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UPDATED: Harman Consumer Products Will Be Managed By Harman Claim Samsung

Senior Samsung Australia management have denied claims made at CES that the operations of Harman International will be rolled into Samsung operations globally.

Philip Newton, Corporate Vice President & CMO of Samsung Electronics Australia told ChannelNews late this afternoon that claims made in our story yesterday which were based on conversations with Samsung USA and Corporate executives “were wrong”.

“Samsung has great respect for Harman, its employees and distribution partners. We intend to retain its workforce, HQ, facilities and all of its brands. In addition, upon completion of the acquisition, Harman will operate as a standalone subsidiary of Samsung with the current management team in place” Newton said.

He said that Harman will retain decision making regarding its distribution channel.”

Yesterday we reported Samsung is set to take over distribution of Harman consumer audio products worldwide, according to senior Company sources at CES 2017.

The Harman brands include KG Acoustics, AMX, Crown Audio, Harman/Kardon, Infinity, JBL, JBL Professional, Lexicon, Mark Levinson, Martin, Revel, Soundcraft and Studer brands.

Several of these brands were displayed on the Samsung stand at CES 2017, in particular the Mark Levinson brand that is currently distributed by Advanced Audio.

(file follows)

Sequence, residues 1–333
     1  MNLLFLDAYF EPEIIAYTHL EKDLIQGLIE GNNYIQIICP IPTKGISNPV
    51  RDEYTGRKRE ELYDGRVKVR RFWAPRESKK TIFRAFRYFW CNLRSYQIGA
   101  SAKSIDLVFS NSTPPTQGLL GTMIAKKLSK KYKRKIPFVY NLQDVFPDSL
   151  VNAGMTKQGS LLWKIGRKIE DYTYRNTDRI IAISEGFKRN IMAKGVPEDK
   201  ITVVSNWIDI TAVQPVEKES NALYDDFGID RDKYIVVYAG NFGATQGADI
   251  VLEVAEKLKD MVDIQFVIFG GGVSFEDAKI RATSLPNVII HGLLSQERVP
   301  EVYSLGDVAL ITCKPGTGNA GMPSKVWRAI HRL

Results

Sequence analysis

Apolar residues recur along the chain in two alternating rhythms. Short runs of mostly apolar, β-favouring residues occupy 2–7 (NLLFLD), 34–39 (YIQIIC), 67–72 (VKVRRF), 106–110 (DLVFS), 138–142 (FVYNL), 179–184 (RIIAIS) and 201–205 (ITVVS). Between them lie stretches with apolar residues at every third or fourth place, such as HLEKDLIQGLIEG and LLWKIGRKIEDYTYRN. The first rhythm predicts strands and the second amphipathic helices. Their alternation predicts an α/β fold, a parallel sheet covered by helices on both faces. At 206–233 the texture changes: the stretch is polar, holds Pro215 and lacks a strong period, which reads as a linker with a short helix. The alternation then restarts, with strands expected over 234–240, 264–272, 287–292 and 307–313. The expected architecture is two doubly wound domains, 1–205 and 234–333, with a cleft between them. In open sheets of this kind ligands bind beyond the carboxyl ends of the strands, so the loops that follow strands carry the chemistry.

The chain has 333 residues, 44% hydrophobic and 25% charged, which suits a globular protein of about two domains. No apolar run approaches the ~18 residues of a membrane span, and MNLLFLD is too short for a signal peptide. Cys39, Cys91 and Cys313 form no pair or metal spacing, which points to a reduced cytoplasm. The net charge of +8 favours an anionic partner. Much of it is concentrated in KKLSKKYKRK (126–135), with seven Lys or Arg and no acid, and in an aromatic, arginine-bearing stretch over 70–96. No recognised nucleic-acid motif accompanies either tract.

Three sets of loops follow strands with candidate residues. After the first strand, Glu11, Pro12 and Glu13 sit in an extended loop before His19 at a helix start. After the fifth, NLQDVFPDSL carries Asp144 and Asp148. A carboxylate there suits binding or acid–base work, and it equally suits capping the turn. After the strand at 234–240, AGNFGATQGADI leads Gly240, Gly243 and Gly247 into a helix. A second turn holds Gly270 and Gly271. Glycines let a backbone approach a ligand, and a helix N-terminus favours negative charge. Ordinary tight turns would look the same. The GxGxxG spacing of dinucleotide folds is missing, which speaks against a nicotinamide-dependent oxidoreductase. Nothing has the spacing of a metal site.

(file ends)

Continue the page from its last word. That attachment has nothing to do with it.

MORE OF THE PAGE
In Australia, all the premium brands are expected to be distributed by Convoy who currently distribute the JBL and Harman Kardon, premium sound range.

Last year Harman moved to set up a local subsidiary in Australia after parting Company with NSW distributor Convoy.

Last November, Samsung Electronics announced it would acquire US-based automotive and audio system maker Harman International for $8 billion. Initially Samsung said that they intend to tap into Harman’s automotive business and incorporate its high-end audio solutions in future products.

Last week Harman shareholders filed a class action lawsuit against the company’s CEO and board, in a bid to deter the finalisation of the deal. According to the shareholders, Harman International’s value has been greatly depreciated, thus resulting in an inadequate and flawed merger deal.

The lawsuit alleges that Harman CEO Dinesh Paliwal and the board of the company did not act in good faith in striking the deal with Samsung.

The shareholders will try to exercise their right to vote against the merger in a bid to stop the finalization of the $8 billion deal no later than November of this year.

If the deal falls through and relations between the two companies go sour, we may never see a Samsung flagship smartphone with Harman’s high-end audio tech built-in.

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